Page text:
Author: Dr. Donna Kelleher

Positive, clicker training with wild one year old Mustang

Mick is the sweetest most reliable horse now but several years ago we were sorting things out! He would try to bite me (that is why I am carrying a whip) and I was trying to train him to the point we could catch him. I wanted him to learn that touch was safe. If you have an aggressive animal,… Read more →

Seattle Times Article Published!

Evaluating our Moral Compass  Published February 8, 2019 “The Greatness of a nation and its moral progress can be judged by the way its animals are treated.” — Mahatma Gandhi A few years ago my husband and I decided to travel, not to discover romantic Italian art or wine or rumble down cobblestone lanes, instead choosing dirt paths through poor… Read more →

Dr. Donna teaches Saturday Dec 1 class, “Canine Nutrition”

We touched on why kibble is not good for dogs or cats, the dangers of treated water, raw versus cooked diets, the role of vitamins and minerals for our canine friends, omega fatty acids and oxidative stresses. I know these sound dry but in an effort to keep up the motivation, we worked on our own breathing. Inhaling up through… Read more →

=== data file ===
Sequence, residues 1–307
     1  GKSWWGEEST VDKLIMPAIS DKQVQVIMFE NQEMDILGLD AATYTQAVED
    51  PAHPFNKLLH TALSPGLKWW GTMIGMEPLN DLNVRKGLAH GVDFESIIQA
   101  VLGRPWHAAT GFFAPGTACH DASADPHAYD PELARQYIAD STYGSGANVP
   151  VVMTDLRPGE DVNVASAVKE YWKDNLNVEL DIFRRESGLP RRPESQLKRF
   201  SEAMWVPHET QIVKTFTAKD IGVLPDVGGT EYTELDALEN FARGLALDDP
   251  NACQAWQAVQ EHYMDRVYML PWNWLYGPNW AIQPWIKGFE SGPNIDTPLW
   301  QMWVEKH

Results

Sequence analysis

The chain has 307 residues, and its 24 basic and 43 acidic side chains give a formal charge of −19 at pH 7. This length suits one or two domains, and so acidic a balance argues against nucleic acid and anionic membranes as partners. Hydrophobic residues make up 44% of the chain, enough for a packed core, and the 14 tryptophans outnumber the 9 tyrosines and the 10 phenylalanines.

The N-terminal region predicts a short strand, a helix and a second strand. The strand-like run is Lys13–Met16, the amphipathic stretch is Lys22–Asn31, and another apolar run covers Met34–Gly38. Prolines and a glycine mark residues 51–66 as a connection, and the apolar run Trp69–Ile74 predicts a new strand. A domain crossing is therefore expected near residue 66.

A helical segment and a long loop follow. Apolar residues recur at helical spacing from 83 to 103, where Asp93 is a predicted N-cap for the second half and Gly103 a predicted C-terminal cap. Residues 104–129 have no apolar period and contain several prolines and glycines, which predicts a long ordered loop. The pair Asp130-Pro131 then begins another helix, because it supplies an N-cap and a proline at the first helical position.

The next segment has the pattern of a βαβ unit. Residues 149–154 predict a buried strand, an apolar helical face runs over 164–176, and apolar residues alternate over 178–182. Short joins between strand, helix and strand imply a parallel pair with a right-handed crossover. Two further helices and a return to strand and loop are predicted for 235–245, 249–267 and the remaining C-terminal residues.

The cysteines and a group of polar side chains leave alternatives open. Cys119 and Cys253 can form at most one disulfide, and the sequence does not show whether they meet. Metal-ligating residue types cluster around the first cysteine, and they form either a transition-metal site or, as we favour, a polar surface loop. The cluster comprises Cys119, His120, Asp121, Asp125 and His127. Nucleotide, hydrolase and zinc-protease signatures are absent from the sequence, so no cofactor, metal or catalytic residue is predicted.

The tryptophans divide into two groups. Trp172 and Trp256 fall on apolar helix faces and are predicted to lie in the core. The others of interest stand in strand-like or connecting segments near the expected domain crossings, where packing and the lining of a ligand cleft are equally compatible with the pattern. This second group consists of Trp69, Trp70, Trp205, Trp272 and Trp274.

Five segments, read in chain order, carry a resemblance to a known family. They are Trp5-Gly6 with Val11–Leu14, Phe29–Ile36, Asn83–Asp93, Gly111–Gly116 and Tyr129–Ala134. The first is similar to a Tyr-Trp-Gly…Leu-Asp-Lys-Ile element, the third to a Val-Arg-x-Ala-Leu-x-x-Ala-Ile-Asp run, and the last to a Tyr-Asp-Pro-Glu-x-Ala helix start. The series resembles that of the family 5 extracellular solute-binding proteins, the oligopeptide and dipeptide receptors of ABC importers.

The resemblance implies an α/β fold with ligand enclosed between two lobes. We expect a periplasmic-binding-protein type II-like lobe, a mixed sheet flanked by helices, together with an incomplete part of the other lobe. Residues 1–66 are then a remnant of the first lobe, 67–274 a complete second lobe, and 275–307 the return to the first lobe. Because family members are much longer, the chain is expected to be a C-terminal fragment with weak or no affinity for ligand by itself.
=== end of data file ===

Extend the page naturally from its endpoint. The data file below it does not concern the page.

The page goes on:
Dori’s bladder tumor: Disappeared with holistic treatments

Dori’s bladder tumor: Completely disappeared after a year of intensive herbal and holistic remedies. As a side benefit to the holistic protocol, her oral bone resorption seems to be normal too. The surgeons at Animal Surgical Clinic of Seattle would not resect the tumor because it was too close to vital structures. Using several successive ultrasounds through a boarded radiologist,… Read more →

Week in the Life of Holistic Vet:

Hi people! Today I thought I would post a wrap up of cases from this week as a change from the usual posts where I focus on one dog at a time. Four older dog arthritis cases got better:  Some from just chiropractic and acupuncture; some with herbs such as boswellia, corydalis, dogwood and boneset powders in the food, some… Read more →

Bettie’s hyperthyroid reversed

Feline hyperthyroid disease is very common in cats over the age of ten years old.  We think some of the causes may be excess iodine levels in the commercial food, excess halogenation (Bromine, or bromide,  Flouride, Chloride from water and flame retardants) which competitively bumps iodine off receptors in the thyroid gland, excess heavy metals in food and environment, excess… Read more →